The daily Nebraskan. ([Lincoln, Neb.) 1901-current, January 16, 1987, Page Page 2, Image 2

Below is the OCR text representation for this newspapers page. It is also available as plain text as well as XML.

    Pago 2
Friday, January 16, 1037
Daily Nebraskan
Ilf"(SS II By The Associated Press
A j O
rums meHoasiMOMs jresunm
Superpowers begin weapon talks in Geneva
GENEVA Superpower nuclear arms talks resumed
Thursday with a luncheon meeting between U.S. delegation
head Max Kampelman and his new Soviet counterpart, Yuli
The two delegation leaders met privately at Soviet
request, instead of heading a meeting of all three top
negotiators from each side, which normally marks the
beginning of a round.
The talks have been bogged down from the start by
disagreement, among other things, over U.S. Strategic
Defense Initiative research for a space-based defense
against nuclear attack, popularly called "Star Wars."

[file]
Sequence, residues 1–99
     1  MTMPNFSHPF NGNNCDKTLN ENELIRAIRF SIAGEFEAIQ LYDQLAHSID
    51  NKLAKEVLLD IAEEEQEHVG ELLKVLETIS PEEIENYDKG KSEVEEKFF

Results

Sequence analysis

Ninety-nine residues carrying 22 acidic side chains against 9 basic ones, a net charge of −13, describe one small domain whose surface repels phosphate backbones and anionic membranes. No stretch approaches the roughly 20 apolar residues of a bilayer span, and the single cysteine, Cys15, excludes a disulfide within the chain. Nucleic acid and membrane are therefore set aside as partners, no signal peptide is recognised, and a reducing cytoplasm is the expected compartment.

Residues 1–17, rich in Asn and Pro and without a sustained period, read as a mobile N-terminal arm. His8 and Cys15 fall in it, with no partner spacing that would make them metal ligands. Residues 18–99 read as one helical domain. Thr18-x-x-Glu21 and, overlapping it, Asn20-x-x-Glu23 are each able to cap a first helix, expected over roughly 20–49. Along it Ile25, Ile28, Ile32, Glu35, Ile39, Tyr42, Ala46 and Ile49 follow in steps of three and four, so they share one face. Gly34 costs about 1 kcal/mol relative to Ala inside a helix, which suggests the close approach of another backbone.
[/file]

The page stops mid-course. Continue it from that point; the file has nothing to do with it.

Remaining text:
U.S. spokesman Terry Shroeder said he had no informa
tion on when the next session in the seventh round of arms
talks would be. "I have nothing for the news media on this
as yet," he said. Vorontsov greeted each other warmly in front of reporters.
Asked about the results of Thursday's session, which was They declined to say what they planned to discuss,
the two men's first meeting, he said, "it went fine." He At a news conference later, AlexeiObukhov, deputy head
declined further comment. of the Soviet delegation, said the two men planned to
In a separate development, the Soviet ambassador to discuss substantive and procedural questions and to get to